Filing 9

OPINION. Signed by Judge Susan D. Wigenton on 3/28/17. (DD, ) N/M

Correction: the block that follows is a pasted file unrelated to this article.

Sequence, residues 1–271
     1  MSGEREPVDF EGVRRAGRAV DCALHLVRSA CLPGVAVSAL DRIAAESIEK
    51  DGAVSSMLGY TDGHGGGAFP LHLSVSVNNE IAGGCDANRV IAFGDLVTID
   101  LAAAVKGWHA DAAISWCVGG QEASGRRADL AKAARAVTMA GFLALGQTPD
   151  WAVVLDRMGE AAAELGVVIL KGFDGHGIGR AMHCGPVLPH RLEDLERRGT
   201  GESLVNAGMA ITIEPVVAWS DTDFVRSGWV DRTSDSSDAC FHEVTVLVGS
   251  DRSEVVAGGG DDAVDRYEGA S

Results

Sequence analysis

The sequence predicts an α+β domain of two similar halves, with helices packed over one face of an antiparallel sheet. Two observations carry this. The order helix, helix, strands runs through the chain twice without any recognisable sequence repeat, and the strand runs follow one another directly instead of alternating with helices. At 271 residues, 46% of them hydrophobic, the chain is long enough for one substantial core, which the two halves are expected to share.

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NOT FOR PUBLICATION UNITED STATES DISTRICT COURT FOR THE DISTRICT OF NEW JERSEY OMAR WILLIAMS, Civil Action No: 16-4196 (SDW) (LDW) Plaintiff, OPINION v. TOWNSHIP OF MONTCLAIR, et al., March 28, 2017 Defendants. WIGENTON, District Judge. Before this Court is Defendants Essex County Prosecutor's Office, Magdalen Czykier, and John Anderson’s (collectively, “the ECPO Defendants”) Motion to Dismiss Plaintiff Omar Williams’ (“Plaintiff” or “Williams”) Complaint pursuant to Federal Rules of Civil Procedure 12(b)(6). Jurisdiction is proper pursuant to 28 U.S.C. § 1331. Venue is proper pursuant to 28 U.S.C. § 1391. This opinion is issued without oral argument pursuant to Federal Rule of Civil Procedure 78. For the reasons stated herein, the Motion to Dismiss is GRANTED. I. BACKGROUND AND PROCEDURAL HISTORY Plaintiff commenced this action in the Superior Court of New Jersey, Essex County on April 6, 2016, while he was an inmate at Delaney Hall Detention Facility in Newark, New Jersey. (Dkt. No. 1 at 8.) 1 In his Complaint, Plaintiff alleges that on January 4, 2013 officers from the Montclair Police Department and Thomas Schmitt, a burglary victim, caused a criminal complaint and warrant to be issued for Plaintiff’s arrest. (Id.) After Plaintiff was arrested and detained, the ECPO Defendants presented the criminal complaint to a grand jury, which indicted Plaintiff on one count of third degree burglary. (Id. at 8-9.) Following a trial by jury in Essex County Superior Court on March 21, 2014, Plaintiff was acquitted. (Id. at 8.) Plaintiff’s Complaint includes one count for false arrest, one count for false imprisonment, and one count for malicious prosecution pursuant to 42 U.S.C. § 1983. (Id. at 8-10.) In addition to the ECPO Defendants, Plaintiff names as his defendants the burglary victim, the Township of Montclair, the Montclair Police Department, and individual officers of the Montclair Police Department. (Id.) Plaintiff alleges the charges Defendants brought against him were false, lacked probable cause, and were brought with malice, willful misconduct, and unreasonable negligence. (Id.) 1 For clarity, this Court will refer to the docket entry number and corresponding docket page number when citing to submissions filed on the Electronic Case Files system. 2 On July 12, 2016, the ECPO Defendants removed the action to this Court. 2 (Dkt. No. 1.) The ECPO Defendants then moved to dismiss Plaintiff’s Complaint on November 25, 2016. 3 This Court has not received any submission in opposition to the Motion. II. LEGAL STANDARD To survive a motion to dismiss under Federal Rule of Civil Procedure 12(b)(6), a complaint must include “a short and plain statement of the claim showing that the pleader is entitled to relief.” FED. R. CIV. P. 8(a)(2). This Rule “requires more than labels and conclusions, and a formulaic recitation of the elements of a cause of action will not do. Factual allegations must be enough to raise a right to relief above the speculative level[.]” Bell Atl. Corp. v. Twombly, 550 U.S. 544, 555 (2007) (internal citations omitted); see also Phillips v. Cty. of Allegheny, 515 F.3d 224, 231 (3d Cir. 2008) (stating that Rule 8 “requires a ‘showing,’ rather than a blanket assertion, of an entitlement to relief”). In considering a Motion to Dismiss under Rule 12(b)(6), the Court must “accept all factual allegations as true, construe the complaint in the light most favorable to the plaintiff, and determine whether, under any reasonable reading of the complaint, the plaintiff may be entitled to relief.” Phillips, 515 F.3d at 231 (external citation omitted). However, “the tenet that a court must accept as true all of the allegations contained in a complaint is inapplicable to legal conclusions. Threadbare recitals of the elements of a cause of action, supported by mere conclusory statements, 2 The ECPO Defendants aver that on March 15, 2016, one unfiled courtesy copy of Plaintiff’s Complaint was received by the Essex County Prosecutor’s Office. (Dkt. No. 1 at 2.) However, the Complaint was not filed with the Essex County Superior Court until April 6, 2016, and the ECPO Defendants assert that they have still not been properly served. (Id. at 3.) This Court therefore considers this action to be timely removed. 3 This Court notes that the ECPO Defendants’ moving brief was not submitted in compliance with Local Civil Rule 7.2, which provides that “[a]ny brief shall include a table of contents and a table of authorities.” L. CIV. R. 7.2(b). Defendants are advised to adhere to the Court’s rules in future submissions. 3 do not suffice.” Ashcroft v. Iqbal, 556 U.S. 662, 678 (2009); see also Fowler v. UPMC Shadyside, 578 F.3d 203 (3d Cir. 2009) (discussing the Iqbal standard). III. DISCUSSION This Court must dismiss Plaintiff’s Complaint as to the ECPO Defendants because they are entitled to absolute prosecutorial immunity for alleged actions taken in the course of their duties as prosecutors. “Prosecutors are absolutely immune from liability in § 1983 suits brought against prosecutorial actions that are intimately associated with the judicial phase of the criminal process.” Van de Kamp v. Goldstein, 555 U.S. 335 (2009) (quoting Imbler v. Pachtman, 424 U.S. 409, 428, 430 (1976)). These actions include applying for search warrants, presenting evidence at hearings, and seeking grand jury indictments. See Burns v. Reed, 500 U.S. 478, 492 (1991). Prosecutors are also absolutely immune when deciding whether to initiate a prosecution, “even where [they act] without a good faith belief that any wrongdoing has occurred.” Kulwicki v. Dawson, 969 F.2d 1454, 1464 (3d Cir. 1992). Plaintiff has alleged no facts about the ECPO Defendants that fall outside the scope of their duties as prosecutors. Plaintiff’s only allegations against the ECPO Defendants are that they presented charges to a grand jury, which lacked probable cause, and that the ECPO Defendants then maliciously prosecuted Plaintiff. These actions are immune from suit. Plaintiff’s Complaint is also time-barred because it was filed after the expiration of the applicable statute of limitations period. The statute of limitations for § 1983 actions in New Jersey is two years. See Backof v. New Jersey State Police, 92 F. App'x 852, 855 (3d Cir. 2004); see also N.J.S.A. § 2A:14–2. These claims accrue “when the plaintiff knew or should have known of the injury upon which his action is based.” Giles v. City of Philadelphia, 542 F. App'x 121, 122–23 (3d Cir. 2013) (internal marks omitted). 4 Therefore, claims for false arrest – where the arrest was followed by criminal proceedings – begin to run at the time the claimant becomes detained pursuant to legal process. Wallace v. Kato, 549 U.S. 384, 397 (2007). Limitations begin to run against a claim for false imprisonment when the alleged false imprisonment ends. Id. at 389. Claims for malicious prosecution accrue once the criminal proceedings have terminated in the plaintiff’s favor. Heck v. Humphrey, 512 U.S. 477, 489 (1994). Although Plaintiff dated his Complaint March 10, 2016, it does not appear that he actually filed his Complaint in Essex County Superior Court until April 6, 2016, over two years after the statute of limitations began to run on all three of his claims. (See Dkt. No. 1 at 2.) Plaintiff has not opposed the instant motion or made any other showing that his Complaint was timely filed. This Court will therefore dismiss his claims as to all Defendants. 4 IV. CONCLUSION For the reasons set forth above, Defendant’s Motion to Dismiss is GRANTED. An appropriate order follows. ____/s/ Susan D. Wigenton_______ SUSAN D. WIGENTON, U.S.D.J Orig: cc: Clerk Leda D. Wettre, U.S.M.J. Parties 4 Because Plaintiff’s Complaint is dismissed as untimely, this Court will not reach the merits of his claims. However, this Court notes that it does not appear that Plaintiff has properly served any of the Defendants named in his Complaint. (See Dkt. No. 1 at 2-4.) Plaintiff’s Complaint is therefore also subject to dismissal as to all Defendants. See FED. R. CIV. P. 4(m) (“If a defendant is not served within 90 days after the complaint is filed, the court—on motion or on its own after notice to the plaintiff—must dismiss the action without prejudice against that defendant or order that service be made within a specified time.”). 5